Adding a wood extension to your crowded existing home might turn it into something out of a dream. Imagine your dream home – I bet you saw its front facade with your mind’s eye. But did you ever think that your home’s backside competes for your attention also? Additional spaces for your home can come in different shapes and sizes, according to the functions they must meet. And when creative teams like Studio FMD Architects bring their expertise and vision to the table, dreams come true. Do you know that feeling of seeing something built better than the plan, better than expected?

This is the feeling that must have rushed over the owners of the newly extended Cross Stitch House in Melbourne, Australia. Once a Victorian residence, the recently re-imagined home was slightly altered to encourage air and light movement. Three tapestries of houses made by the client’s mother were placed in the heart of the home. “They served as the inspiration to work on the project, and the new extension like embroidered cross in the continuation of the main part and is decorated with wooden beams and glass.”

By adding a new living room and dining room, Studio FMD Architects extended the functional spaces as well as added a stylish modern dimension to the historic character. Architects explain how the brief turned into the Cross Stitch House:  “The site is a single storey terrace on a small 5m wide block in the inner city of Melbourne. The brief was to create new living and dining spaces, relocate the existing kitchen and bathrooms and improve access to natural light in the main living and main bedroom areas. The existing Victorian eastern end of the house containing 2 bedrooms was to remain and be refurbished. (…) Our design strategy is always to celebrate the particularities of the project, so while exploring the tradition of tapestry and stitching techniques, the concept of stitching the new house form to the old established the design approach.” Thanks to photos by Peter Bennetts, the interior and details of this creative solution for a larger space inspire us to look into our own yards and extension possibilities.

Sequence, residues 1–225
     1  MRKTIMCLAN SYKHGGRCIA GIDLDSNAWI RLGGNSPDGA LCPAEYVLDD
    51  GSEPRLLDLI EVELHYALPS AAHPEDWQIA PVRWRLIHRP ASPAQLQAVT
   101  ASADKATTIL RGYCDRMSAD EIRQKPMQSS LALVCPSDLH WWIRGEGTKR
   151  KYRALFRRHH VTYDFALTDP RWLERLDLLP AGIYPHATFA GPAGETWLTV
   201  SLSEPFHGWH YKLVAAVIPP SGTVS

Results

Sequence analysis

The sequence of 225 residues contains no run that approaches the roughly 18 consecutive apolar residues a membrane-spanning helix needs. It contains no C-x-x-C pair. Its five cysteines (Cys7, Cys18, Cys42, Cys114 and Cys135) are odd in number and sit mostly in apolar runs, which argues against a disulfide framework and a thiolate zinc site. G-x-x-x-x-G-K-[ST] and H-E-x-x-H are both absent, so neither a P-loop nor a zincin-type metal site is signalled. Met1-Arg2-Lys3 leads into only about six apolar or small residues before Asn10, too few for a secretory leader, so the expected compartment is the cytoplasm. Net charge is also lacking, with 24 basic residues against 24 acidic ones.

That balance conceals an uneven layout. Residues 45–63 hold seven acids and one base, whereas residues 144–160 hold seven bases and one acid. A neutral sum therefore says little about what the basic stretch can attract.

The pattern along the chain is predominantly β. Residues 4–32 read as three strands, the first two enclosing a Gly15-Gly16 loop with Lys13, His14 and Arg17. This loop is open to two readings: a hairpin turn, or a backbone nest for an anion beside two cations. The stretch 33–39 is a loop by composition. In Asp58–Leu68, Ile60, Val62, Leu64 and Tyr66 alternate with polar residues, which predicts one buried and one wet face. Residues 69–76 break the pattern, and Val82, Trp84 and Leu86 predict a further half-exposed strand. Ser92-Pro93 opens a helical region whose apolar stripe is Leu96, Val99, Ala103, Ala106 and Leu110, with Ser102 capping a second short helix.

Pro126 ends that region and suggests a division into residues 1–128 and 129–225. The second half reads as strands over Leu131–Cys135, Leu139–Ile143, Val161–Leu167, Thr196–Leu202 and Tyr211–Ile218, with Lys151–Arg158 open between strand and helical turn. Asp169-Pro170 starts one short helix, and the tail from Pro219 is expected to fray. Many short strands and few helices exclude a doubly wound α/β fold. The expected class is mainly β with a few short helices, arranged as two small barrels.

The architects used the only request owners made – to keep and display the three tapestries – to create a whole concept of the space: “The timber beams form the thread which stitches the new living room to the existing house, then beyond to the western courtyard. The timber beams at the northern point converge into a large timber column, reminiscent of a bobbin thread. Within the courtyard a mirror is positioned strategically at the end of the threads to extend the space and create a sense of unraveling (while concealing the services of the building). The timber threads twist over the western façade to provide added shading to the Living area which will soon be overgrown over by greenery.”